Originally posted on Pro Sports Daily  |  Last updated 11/14/12

FLORHAM PARK, NJ - MAY 02: Head coach Rex Ryan of the New York Jets speaks to the media during minicamp on May 2, 2009 at the Atlantic Health Jets Training Center in Florham Park, New Jersey. (Photo by Jim McIsaac/Getty Images)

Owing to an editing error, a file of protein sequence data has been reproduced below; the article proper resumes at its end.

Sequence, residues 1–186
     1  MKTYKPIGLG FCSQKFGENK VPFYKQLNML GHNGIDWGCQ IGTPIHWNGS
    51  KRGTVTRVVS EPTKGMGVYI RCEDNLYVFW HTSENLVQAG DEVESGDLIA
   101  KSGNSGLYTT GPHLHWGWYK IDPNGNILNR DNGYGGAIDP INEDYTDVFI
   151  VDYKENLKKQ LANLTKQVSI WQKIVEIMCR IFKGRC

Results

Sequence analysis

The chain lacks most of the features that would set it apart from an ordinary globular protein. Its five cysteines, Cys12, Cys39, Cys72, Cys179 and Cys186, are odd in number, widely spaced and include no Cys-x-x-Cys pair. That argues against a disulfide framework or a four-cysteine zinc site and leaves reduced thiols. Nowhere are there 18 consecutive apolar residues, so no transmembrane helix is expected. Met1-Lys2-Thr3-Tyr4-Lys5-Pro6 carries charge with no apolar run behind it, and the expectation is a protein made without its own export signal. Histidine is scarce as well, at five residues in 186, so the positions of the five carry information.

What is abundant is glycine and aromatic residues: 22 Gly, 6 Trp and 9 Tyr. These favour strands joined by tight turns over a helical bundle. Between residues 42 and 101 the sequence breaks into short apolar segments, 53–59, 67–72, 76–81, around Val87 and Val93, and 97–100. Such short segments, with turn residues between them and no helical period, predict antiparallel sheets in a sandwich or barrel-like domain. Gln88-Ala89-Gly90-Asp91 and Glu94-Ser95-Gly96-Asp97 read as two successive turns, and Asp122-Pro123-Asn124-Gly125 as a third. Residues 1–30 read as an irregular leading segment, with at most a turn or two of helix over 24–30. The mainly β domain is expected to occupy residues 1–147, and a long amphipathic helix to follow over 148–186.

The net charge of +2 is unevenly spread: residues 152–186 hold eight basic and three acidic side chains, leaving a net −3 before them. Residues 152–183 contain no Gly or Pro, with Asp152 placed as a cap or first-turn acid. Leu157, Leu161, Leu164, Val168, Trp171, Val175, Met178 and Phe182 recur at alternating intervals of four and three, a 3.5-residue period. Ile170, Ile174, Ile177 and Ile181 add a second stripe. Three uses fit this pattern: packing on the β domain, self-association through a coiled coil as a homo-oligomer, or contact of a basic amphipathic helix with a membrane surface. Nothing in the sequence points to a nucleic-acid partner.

Rex Ryan is no dummy, and so after he read off the Jets' injury report at his press conference Wednesday, he grinned at the reporters and into the glare of the television cameras crowded into the media room at the Jets' training facility. "Fire away, let's go," Ryan said. "Ask the questions you want to ask." An awkward silence ensued. "I'm asking you -- you guys got the forum," Ryan said. "I'm not sitting in those chairs." Finally, the first question was asked: What did Ryan think of that morning's New York Daily News story in which anonymous players -- and team officials -- blasted backup quarterback Tim Tebow, who was called "terrible" by an unnamed defensive player and identified by others as a player who is not the answer for the Jets' offensive and quarterbacking woes? Once the first Tebow question was asked, the queries were impossible to stop. Of the 16 questions Ryan fielded Wednesday, 14 were about Tebow -- who has all of 33 offensive touches and no touchdowns for a team that is 3-6. And Ryan, who usually opens his Wednesday presser with a filibuster-sized statement on the upcoming opponent, didn't even mention the Rams -- whom the Jets play Sunday in St. Louis -- once. Only in Florham Park. Of the many hundreds of words Ryan spoke about Tebow and what he called the cowardly actions of Tebow's mostly anonymous critics (lineman Matt Slauson was the only player quoted on the record about preferring Mark Sanchez to Tebow or third-stringer Greg McElroy), the most interesting had to do with the chemistry of the team and how Ryan believes the controversy generated by Wednesday's story could bring the Jets closer. "I know it's probably a unique way of doing things, and could it come back and bite you? I guess," Ryan said. "I'm not afraid of it. I think that we're building a team that will be close and we'll build each other up. I look at it as an opportunity to actually build your team up." The Jets, of course, are less than a year removed from being brought down from within by in-fighting that occurred both on and off the record. Former wide receivers Plaxico Burress and Derrick Mason, as well as erstwhile no. 1 wideout Santonio Holmes, all criticized former offensive coordinator Brian Schottenheimer. And after the season, the Daily News ran a story in which anonymous players and executives called Sanchez lazy and said the Jets should pursue Peyton Manning. Sound familiar? "I've been in his shoes," Sanchez said. "I feel for Tim. That sucks. It just sucks." A shaken Ryan responded to last season's internal dissension by promising to take a more active role in overseeing the locker room. He has said numerous times this season that the Jets are a more cohesive unit than last year, a stand he maintained on Wednesday. "I did recognize there was something wrong there and I've made it my personal agenda to go out and fix it," Ryan said. "If I'm going to be judged on this team (and) will it come together or not, that's fine with me, and I'll be here a long time because I believe this team will be like that." Publically, at least, the Jets struck a cohesive tone during their open locker room session a few hours later. And Tebow, the man at the center of the latest Jets controversy was his usual upbeat self, even if he seemed a bit bemused by the uproar. "I don't stop and wonder why," Tebow said of the attention he receives. "That doesn't help me. It doesn't help you do anything. It just makes you think about it more. That's not who I am and who I want to be." Tebow also sidestepped any potential controversy when he was asked if he agreed with Ryan when the coach said those who spoke anonymously were cowards. "If that's how (the players and executives) want to be, then I'm not going to judge them for doing that," Tebow said. "I just try to control what I can control. And I can't control other people." Sanchez, meanwhile, noted the Jets are the only ones who are in control of changing the storyline surrounding them. "We've just gotta go win the damn game," Sanchez said. "Just go win the damn game and this whole thing turns. I'm telling you, it's contagious, this kind of stuff." Presumably, he meant winning, and not anonymously sourced stories. "You win a game and you remember what it's like and you feel good about a game, you feel good about, you feel good about your prep," Sanchez said. "Go out, have some fun, smile, complete some passes and move on." As he spoke with reporters, Sanchez was wearing a white T-shirt with the Jets logo and the words "We will persist" on the front and the words "until we succeed" on the back. Was he sending a message of unity? "We all have 'em," said Sanchez, who said the shirts arrived in the last couple of weeks and said there was no intent behind wearing the shirt Wednesday. "We can do shirtless next time." Of course, a few minutes after his press conference, Sanchez took off the shirt and tossed it into a laundry bin.
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